Business 21 January 2017
A sexy brassiere may seem like the last thing that could be empowering, but thanks to a growing shift towards body positivity, the perception of lingerie has also started to change. Instead of corsets being used to please a lover, women now see undergarments as a symbol of embracing their own femininity. Bra startup brands like ThirdLove see this notion as ‘taking back the reigns’ on the lingerie concept, especially since most lingerie ad campaigns are usually geared towards pleasing the opposite sex.
“There’s an antiquated idea that still drives a lot of lingerie brands' marketing — at the core, it’s about what is sexy to a man,” says Heidi Zak, Co-Founder of ThirdLove. “At ThirdLove, we actually don’t use the word ‘lingerie’ at all, instead we empower women by giving them back the reigns when it comes to finding their bra size.”
"We empower women by giving them back the reigns when it comes to finding their bra size.” - Heidi Zak
Launched in 2013, the ThirdLove brand was co-created by Heidi Zak, an ex Google employee, who was was tired of ill-fitting bras and awkward department store fittings. Focusing more on fit, and less on appearance, Zak’s ThirdLove bra line offers cup sizes A to F, as well as in-between cup sizes to guarantee the perfect fit. Technology is also a key asset to finding the perfect ThirdLove bra, as the brand uses a special Fit Finder quiz and Sizing App tool to help size yourself at home.
“We provide women everywhere with the tools they need to size themselves from home through our Fit Finder and Sizing App,” says Zak. “We offer both an iOS App to size yourself from home (a few snaps in the mirror with a fitted tank top and an iPhone are really all you need), plus a Fit Finder quiz to find your perfect size in seconds on our website. It’s our goal to make it incredibly simple for women to find their size and the bra recommended for their shape at the click of a button.”
Interactivity and customization through social media also play a big role to the brand, as Zak states that platforms like Instagram and Facebook have allowed the brand to start helpful and honest conversations with customers. This helps the brand develop new styles and campaigns, as well as learning what consumers exactly want and need in a bra.
“We use social media as a place to educate women on breasts, bras, and sizing and help them find their perfect fit — answering many questions along the way,” says Zak. “We also use these communities as a way to ask about potential new styles, colors, or campaigns — we have a free focus group right at our fingertips.”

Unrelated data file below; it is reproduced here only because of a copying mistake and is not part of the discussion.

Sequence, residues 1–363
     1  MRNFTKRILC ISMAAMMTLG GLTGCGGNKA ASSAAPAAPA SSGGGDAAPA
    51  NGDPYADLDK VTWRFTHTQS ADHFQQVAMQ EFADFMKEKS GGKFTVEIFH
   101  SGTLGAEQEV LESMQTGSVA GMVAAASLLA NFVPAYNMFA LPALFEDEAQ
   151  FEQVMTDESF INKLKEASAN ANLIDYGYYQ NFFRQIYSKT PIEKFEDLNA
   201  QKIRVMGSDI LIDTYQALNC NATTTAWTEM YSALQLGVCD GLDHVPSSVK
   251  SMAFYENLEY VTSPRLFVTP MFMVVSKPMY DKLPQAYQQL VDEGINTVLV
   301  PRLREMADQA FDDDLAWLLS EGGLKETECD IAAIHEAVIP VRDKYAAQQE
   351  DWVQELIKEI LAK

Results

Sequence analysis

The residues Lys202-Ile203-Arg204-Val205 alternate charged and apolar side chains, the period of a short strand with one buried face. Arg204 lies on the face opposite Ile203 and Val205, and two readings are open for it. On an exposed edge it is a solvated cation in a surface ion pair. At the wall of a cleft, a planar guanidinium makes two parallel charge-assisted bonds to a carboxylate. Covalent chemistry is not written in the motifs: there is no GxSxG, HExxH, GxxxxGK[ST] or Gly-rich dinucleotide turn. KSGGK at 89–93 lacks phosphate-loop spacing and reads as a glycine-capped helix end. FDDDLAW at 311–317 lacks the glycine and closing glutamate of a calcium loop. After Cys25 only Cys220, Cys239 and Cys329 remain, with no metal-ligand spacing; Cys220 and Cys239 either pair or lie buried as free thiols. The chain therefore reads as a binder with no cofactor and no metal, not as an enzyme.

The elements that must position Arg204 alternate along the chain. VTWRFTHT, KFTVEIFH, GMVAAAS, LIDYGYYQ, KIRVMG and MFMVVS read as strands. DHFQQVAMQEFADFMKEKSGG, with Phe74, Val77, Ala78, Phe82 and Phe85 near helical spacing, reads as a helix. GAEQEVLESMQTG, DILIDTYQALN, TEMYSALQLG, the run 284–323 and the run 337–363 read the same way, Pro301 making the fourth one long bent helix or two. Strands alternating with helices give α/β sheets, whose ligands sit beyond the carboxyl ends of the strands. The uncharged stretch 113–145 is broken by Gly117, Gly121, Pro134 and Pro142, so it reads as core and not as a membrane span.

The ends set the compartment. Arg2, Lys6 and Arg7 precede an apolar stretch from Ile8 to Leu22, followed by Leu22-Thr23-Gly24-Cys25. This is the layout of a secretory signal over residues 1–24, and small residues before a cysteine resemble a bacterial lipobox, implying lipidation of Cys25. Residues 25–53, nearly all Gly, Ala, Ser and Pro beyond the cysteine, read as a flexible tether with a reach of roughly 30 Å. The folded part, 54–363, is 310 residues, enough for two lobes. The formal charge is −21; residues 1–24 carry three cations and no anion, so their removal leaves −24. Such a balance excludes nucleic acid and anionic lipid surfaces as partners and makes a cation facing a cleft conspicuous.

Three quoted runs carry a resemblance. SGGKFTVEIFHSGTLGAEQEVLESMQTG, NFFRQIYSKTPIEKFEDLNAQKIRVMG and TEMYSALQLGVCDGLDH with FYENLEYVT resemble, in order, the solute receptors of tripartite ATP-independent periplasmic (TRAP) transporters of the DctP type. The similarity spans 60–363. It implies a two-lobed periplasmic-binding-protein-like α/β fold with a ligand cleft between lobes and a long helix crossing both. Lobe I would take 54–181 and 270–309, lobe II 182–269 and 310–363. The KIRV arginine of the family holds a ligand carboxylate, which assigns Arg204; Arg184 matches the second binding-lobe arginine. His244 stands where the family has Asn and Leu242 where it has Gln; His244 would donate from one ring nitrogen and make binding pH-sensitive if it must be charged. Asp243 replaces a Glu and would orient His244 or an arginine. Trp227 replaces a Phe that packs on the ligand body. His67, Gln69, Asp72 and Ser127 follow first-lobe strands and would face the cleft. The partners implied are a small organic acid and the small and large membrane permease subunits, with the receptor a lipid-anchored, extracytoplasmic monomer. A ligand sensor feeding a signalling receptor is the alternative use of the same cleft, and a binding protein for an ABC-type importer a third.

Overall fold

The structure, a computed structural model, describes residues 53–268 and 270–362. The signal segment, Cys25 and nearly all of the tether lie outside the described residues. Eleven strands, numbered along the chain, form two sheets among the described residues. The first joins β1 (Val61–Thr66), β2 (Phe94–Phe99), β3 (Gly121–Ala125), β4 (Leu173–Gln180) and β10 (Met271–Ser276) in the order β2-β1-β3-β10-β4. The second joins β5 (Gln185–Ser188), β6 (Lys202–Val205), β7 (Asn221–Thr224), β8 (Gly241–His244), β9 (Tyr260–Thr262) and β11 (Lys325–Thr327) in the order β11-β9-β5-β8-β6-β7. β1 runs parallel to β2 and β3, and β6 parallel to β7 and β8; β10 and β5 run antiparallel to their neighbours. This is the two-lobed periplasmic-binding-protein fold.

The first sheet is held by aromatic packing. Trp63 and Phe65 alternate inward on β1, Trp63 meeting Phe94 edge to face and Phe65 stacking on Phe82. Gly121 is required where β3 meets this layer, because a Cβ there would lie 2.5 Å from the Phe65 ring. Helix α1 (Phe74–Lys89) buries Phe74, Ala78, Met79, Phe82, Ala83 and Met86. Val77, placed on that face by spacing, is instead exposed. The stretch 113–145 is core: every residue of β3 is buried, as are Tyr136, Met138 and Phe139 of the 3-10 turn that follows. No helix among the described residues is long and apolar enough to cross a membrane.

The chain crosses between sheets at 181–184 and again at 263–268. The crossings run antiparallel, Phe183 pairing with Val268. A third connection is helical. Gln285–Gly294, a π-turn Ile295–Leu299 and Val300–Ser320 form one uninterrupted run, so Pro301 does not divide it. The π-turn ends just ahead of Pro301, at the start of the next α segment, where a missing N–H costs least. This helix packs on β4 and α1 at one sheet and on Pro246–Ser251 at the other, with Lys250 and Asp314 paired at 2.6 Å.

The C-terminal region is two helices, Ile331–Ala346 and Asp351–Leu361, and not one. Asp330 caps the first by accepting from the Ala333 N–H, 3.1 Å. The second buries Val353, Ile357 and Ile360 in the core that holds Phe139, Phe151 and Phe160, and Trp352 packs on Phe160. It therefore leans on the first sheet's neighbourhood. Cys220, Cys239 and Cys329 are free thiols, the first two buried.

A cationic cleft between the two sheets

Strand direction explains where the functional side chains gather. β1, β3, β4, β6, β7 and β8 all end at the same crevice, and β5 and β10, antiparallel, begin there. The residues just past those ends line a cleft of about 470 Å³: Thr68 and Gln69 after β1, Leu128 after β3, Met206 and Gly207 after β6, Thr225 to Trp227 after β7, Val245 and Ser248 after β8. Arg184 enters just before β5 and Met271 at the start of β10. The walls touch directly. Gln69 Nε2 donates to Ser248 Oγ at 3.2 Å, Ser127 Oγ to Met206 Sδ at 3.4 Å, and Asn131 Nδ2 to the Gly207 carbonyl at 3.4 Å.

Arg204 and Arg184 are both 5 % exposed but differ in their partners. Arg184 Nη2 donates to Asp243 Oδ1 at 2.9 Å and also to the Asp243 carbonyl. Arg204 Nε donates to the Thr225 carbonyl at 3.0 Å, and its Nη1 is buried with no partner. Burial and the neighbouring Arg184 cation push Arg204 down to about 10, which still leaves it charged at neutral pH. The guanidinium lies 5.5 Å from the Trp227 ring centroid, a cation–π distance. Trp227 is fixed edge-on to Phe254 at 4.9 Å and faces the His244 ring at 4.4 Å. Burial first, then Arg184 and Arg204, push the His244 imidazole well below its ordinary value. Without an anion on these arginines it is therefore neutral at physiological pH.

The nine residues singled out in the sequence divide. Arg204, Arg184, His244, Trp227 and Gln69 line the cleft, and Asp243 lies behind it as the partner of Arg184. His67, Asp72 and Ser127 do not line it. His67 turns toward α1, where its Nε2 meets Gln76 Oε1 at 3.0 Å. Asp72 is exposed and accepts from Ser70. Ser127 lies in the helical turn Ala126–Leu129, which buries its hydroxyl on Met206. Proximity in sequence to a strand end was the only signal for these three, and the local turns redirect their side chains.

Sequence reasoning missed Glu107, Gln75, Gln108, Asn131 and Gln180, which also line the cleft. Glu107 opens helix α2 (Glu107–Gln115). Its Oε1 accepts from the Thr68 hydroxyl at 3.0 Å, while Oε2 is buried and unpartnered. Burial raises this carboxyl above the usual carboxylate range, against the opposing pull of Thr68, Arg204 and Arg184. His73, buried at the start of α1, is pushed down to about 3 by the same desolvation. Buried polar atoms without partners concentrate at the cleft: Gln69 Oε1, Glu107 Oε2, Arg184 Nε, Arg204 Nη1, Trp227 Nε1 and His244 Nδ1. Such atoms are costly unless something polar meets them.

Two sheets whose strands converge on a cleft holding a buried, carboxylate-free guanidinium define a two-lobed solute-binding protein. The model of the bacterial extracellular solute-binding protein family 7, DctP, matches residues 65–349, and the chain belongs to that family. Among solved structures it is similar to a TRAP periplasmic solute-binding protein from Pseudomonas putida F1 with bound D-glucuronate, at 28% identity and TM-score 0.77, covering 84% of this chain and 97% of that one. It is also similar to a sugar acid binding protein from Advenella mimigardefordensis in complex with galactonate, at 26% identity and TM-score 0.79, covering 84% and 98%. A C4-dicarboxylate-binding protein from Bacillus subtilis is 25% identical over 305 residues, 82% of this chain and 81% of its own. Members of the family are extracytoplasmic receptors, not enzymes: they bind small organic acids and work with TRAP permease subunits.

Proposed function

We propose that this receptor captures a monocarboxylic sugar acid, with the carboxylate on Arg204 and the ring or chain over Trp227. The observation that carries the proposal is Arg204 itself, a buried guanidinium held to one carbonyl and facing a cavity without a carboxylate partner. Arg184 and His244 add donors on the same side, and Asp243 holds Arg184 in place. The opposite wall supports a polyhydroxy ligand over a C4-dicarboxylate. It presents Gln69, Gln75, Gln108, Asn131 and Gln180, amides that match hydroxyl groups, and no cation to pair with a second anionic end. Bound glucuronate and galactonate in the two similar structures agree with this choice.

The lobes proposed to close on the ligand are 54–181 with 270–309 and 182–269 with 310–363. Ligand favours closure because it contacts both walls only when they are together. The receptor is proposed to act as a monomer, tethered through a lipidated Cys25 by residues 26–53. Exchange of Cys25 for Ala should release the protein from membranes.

However, empowerment still is a big part of the ThirdLove mission, as Zak states that all women should always feel sexy and confident in all undergarment pieces. And being that no two women are the same bra size, the brand is always committed to using using real life women in their ad campaigns.
"Real women wake up in the morning and put on a bra, not lingerie" - Heidi Zak
“We design beautiful and comfortable bras and underwear — because real women wake up in the morning and put on a bra, not lingerie,” says Zak. “Yes, bras and women can be sexy — but they can also be so much more than that. Women are mothers, bosses, leaders, partners and so much more. Our customers wear our bras to work, while they’re out with friends, and when they’re just hanging out with their families — and we want them to always feel comfortable and confident.”
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Help! My Friend Is a No Show
Dear Armchair Psychologist,
I have a friend who doesn't reply to my messages about meeting for dinner, etc. Although, last week I ran into her at a local restaurant of mine, it has always been awkward to be friends with her. Should I continue our friendship or discontinue it? We've been friends for a total four years and nothing has changed. I don't feel as comfortable with her as my other close friends, and I don't think I'll ever be able to reach that comfort zone in pure friendship.
Dear Sadsies,I am sorry to hear you've been neglected by your friend. You may already have the answer to your question, since you're evaluating the non-existing bond between yourself and your friend. However, I'll gladly affirm to you that a friendship that isn't reciprocated is not a good friendship.
I have had a similar situation with a friend whom I'd grown up with but who was also consistently a very negative person, a true Debby Downer. One day, I just had enough of her criticism and vitriol. I stopped making excuses for her and dumped her. It was a great decision and I haven't looked back. With that in mind, it could be possible that something has changed in your friend's life, but it's insignificant if she isn't responding to you. It's time to dump her and spend your energy where it's appreciated. Don't dwell on this friend. History is not enough to create a lasting bond, it only means just that—you and your friend have history—so let her be history!
- The Armchair Psychologist